4) Blue Bossa

This simple sequence has a Latin feel.

Usual key: C minor
Form: 16 bars repeated.
Map: Only 2 keys to learn: it’s mostly in C minor but bars 9-12 flip to Db major.

5) All Of Me

A very well known standard, often sung.

Usual key: C major
Form: AB = 16+16
Map: Remains in original key with a foray into the relative minor.

6) Bye Bye Blackbird

A traditional ‘singalong’ but listen to the Keith Jarrett version for inspiration.

Usual key: F major
Form: AB = 16+16
Map: A section remains in the original key. B section contains some II-V’s.

7) Fly Me To The Moon

Often sung, popularised by Sinatra

Usual key: C major
Form: AB = 16+16
Map: III-VI-II-V-I-IV as in ‘All The Things You Are’ but then moves to the relative minor.

8) Satin Doll

An Ellington standard. Ramsey Lewis recorded a very accessible version.

Usual key: C major
Form: AABA = 32 bars.
Map: kicks off with a pair of ascending II-V’s. B section moves to F major.

9) What Is This Thing Called Love

Another popular standard with a conventional AABA structure.

Usual key: C major.
Form: AABA = 32 bars.
Map: Unusual in that the A section starts with a minor II-V-I in F minor.
As usual, the B section moves to a new key, this time Bb major.

10) Yesterdays

A Jerome Kern ballad in a minor key that contains a circle of 5ths

Usual key: D minor.
Form: AB = 16+16
Map: After staying in D minor for a while it moves though the circle of 5ths from bar 9 – 12 before returning to the key signature.

11) Beautiful Love

Another tune in a minor key with an AB structure.

Usual key: D minor.
Form: AB = 16+16
Map: Sets out with a II-V-I in D minor then switches to its relative major.

12) Some Day My Prince Will Come

Here’s your opportunity to play in 3 time. This tune is a Bill Evans special.

Usual key: Bb major.
Form: AB = 16+16
Map:Stays in the same key but throws in some diminished chords.

 

Jazz Repertoire: essential standards part 3

Jazz Repertoire: essential standards part 3

Building your jazz repertoire: part 3 of essential standards

Here’s my final list of suggestions for your jazz repertoire. These are all standards that you should become familiar with.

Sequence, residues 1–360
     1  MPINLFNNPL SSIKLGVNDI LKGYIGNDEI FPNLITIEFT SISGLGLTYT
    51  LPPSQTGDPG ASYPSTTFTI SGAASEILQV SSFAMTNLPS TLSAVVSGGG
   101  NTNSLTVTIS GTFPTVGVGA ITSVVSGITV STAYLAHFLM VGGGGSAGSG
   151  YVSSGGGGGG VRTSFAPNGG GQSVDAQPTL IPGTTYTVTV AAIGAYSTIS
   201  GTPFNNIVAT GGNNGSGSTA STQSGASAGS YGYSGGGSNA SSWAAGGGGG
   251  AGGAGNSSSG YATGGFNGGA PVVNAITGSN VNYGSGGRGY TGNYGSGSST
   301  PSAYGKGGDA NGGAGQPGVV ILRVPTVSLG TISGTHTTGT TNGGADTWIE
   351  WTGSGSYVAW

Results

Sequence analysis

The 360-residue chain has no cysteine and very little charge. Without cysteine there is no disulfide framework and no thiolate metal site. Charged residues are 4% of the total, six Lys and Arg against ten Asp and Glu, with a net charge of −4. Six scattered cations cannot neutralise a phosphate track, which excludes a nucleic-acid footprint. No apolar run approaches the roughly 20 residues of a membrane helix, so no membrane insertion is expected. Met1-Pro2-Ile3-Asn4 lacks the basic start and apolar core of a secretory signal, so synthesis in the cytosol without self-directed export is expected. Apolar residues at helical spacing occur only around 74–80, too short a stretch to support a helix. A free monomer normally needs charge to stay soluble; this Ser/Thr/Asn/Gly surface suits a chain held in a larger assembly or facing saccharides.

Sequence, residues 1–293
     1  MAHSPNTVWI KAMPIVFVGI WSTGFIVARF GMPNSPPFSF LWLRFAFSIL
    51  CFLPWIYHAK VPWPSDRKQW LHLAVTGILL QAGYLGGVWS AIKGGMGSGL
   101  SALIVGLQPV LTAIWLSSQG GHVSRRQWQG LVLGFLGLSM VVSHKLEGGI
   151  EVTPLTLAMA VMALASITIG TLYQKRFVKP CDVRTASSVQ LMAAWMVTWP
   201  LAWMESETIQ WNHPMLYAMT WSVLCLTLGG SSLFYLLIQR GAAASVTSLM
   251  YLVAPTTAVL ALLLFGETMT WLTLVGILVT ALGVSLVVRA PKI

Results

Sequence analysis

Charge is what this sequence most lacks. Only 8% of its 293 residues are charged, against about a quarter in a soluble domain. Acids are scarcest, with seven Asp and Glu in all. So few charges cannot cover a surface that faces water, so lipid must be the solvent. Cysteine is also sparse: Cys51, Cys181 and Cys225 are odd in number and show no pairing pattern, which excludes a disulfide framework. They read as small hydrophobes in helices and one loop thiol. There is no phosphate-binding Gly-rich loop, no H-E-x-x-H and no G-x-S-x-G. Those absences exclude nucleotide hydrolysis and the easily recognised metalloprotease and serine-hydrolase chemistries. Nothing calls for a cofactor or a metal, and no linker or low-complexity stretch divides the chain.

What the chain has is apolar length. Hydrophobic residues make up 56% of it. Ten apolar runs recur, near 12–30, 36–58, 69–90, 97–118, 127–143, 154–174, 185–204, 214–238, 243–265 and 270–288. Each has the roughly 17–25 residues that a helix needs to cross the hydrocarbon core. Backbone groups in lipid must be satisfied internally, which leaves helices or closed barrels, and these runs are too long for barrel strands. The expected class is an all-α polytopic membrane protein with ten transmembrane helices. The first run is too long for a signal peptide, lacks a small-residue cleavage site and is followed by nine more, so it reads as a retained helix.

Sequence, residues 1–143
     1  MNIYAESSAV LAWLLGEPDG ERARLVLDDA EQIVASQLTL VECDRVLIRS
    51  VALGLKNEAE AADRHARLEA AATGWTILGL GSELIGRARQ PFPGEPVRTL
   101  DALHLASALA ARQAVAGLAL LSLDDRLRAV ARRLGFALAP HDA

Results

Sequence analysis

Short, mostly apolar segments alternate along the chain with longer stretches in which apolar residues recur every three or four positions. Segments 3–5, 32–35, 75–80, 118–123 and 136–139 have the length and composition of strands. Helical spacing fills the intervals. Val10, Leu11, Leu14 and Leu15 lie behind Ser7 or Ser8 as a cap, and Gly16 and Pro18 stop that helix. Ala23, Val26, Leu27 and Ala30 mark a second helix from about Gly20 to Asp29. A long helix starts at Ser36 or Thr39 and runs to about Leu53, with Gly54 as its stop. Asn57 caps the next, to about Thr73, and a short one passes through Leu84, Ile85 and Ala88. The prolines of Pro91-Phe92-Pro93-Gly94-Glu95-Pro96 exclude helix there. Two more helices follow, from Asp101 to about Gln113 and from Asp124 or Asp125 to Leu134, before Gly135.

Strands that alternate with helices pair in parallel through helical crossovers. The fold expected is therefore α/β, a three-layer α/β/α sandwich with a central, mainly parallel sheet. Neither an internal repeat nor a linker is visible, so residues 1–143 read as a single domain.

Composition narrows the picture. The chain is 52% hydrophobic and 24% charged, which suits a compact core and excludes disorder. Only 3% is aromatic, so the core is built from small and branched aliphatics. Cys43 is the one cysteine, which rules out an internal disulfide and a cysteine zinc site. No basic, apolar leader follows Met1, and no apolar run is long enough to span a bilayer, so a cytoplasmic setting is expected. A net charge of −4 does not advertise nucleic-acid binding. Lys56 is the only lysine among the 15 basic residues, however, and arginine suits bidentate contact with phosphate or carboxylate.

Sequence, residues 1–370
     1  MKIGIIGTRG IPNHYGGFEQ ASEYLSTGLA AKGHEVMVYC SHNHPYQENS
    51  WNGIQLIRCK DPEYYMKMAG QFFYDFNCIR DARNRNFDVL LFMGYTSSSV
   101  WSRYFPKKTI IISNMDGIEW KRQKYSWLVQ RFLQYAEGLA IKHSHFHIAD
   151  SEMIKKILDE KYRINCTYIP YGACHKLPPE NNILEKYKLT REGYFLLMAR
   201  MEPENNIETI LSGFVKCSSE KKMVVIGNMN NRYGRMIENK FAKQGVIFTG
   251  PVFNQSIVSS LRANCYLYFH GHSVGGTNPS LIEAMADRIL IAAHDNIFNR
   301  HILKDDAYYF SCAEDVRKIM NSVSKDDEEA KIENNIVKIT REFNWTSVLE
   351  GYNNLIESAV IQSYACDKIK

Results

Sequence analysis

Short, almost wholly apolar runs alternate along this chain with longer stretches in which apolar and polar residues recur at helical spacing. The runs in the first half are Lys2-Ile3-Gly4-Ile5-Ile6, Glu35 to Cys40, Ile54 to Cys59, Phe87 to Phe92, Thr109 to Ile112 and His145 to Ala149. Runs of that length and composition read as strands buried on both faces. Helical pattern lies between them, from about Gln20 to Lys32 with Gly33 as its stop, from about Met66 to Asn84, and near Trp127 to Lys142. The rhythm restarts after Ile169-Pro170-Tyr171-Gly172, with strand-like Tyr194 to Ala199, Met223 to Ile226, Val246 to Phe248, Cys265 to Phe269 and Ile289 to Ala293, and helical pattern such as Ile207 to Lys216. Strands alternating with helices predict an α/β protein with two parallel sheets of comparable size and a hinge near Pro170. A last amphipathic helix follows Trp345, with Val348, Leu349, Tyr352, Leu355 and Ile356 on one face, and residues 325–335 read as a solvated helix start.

Although I’ve listed 14 tunes, I suggest you at least learn What Is This Thing Called Love, Softly As In A Morning Sunrise and Yesterdays.

For more of a challenge, take a look at Stella By Starlight.

So here’s the final list. If you wish to catch up with previous lists, scroll down the page.

———————————–

Lover Man

Composer: Jimmy Davis

Date: 1941

Form: AABA

Usual key: F

———————————–

My Funny Valentine

Composer: Richard Rodgers

Date: 1937

Form: ABC

Usual key: C minor

———————————–

My Romance

Composer: Richard Rodgers

Date: 1935

Form: AB

Usual key: Bb

———————————–  

Perdido

Composer: Juan Tizol

Date: 1942

Form: AABA

 ———————————– 

Secret Love

Composer: Sammy Fain

Date: 1953

Form: AABA

Usual key: Eb

———————————–

Softly As In A Morning Sunrise

Composer: Sigmund Romberg

Form: AABA

Usual key: C minor

———————————–

Star Eyes

Composer: Gene De Paul

Date: 1943

Form: AABA

Usual key: Eb

———————————–

Stella By Starlight

Composer: Victor Young

Date: 1944

Form: ABC

Usual key: Eb

———————————–

There Will Never Be Another You

Composer: Harry Warren

Date: 1942

Form: ABAC

Usual key: Eb

———————————–

What Is This Thing Called Love

Composer: Cole Porter

Date: 1929

Form: AABA

Usual key: C

 ———————————– 

What’s New

Composer: Bob Haggart

Date: 1939

Form: AABA

Usual key: C

 ———————————– 

Yesterdays

Composer: Jerome Kern

Date: 1933

Form: AB

Usual key: D minor

———————————–

You Don’t Know What Love Is

Composer: Gene De Paul

Date: 1941

Form: AABA

Usual key: F minor

 ———————————– 

You’ve Changed

Composer: Carl Fisher

Date: 1941

Form: AABA

Usual key: Eb

———————————–

You can find my full list of suggested jazz repertoire in
Learn Jazz Piano, book 3.

Jazz repertoire
Book 3

Building your Jazz Repertoire part 2: Latin

Building your Jazz Repertoire part 2: Latin

Jazz repertoire part 2:
10 Latin tunes

The world of Latin American music is vast and would take a lifetime of study. What we are looking at here is a small collection of tunes with a Latin feel; songs that are likely to come up when playing with other musicians. I’ve tried to keep the list short, as it’s easy to get overwhelmed with too many choices. I’ve marked essential songs with *.

All these tunes have a straight 8 feel rather than swing.
The compositions of Carlos Jobim are of particular interest as they don’t follow the usual II – V – I  patterns.

You will find the complete list of ‘Building a Jazz Repertoire’ in book 3 of Learn Jazz Piano.

Here’s the link to book 3

 

At some stage you might find yourself comping behind vocalists singing this repertoire. A good reference is the Getz /Gilberto album (1964).

If you’re looking for an easy tune for starters I’d go for Blue Bossa.
Try Desafinado for something a little more advanced.

So here are my 10 choices of Latin tunes to build your jazz repertoire.
Although many artists have recorded these  tunes, I’ve provided you with suggested listening.

———————-

Blue Bossa*

Composer: Kenny Dorham

Listen: Joe Henderson

———————-

Con Alma

Composer: Dizzie Gillespie

Listen: Wes Montgomery

———————-

Desafinado

Composer: Jobim

Listen: Dizzy Gilespie

———————-

The Girl From Ipanema*

Composer: Jobim

Listen: Stan Getz

———————-

How Insensitive

Composer: Jobim

Listen: Oscar Peterson

———————- 

Meditation

Composer: Jobim

Listen:  Joe Pass

———————-

Manteca

Composer: Dizzie Gillespie

Listen: Red Garland

———————-

Nica’s Dream*

Composer: Horace Silver

Listen: Art Blakey

———————-

Song For My Father

Composer: Horace Silver

Listen: Horace Silver

———————-

Wave

Composer: Jobim

Listen: Paul Desmond

———————-

jazz repertoire
Jobim

I have now produced 22 videos for my online  Lean Jazz Piano course.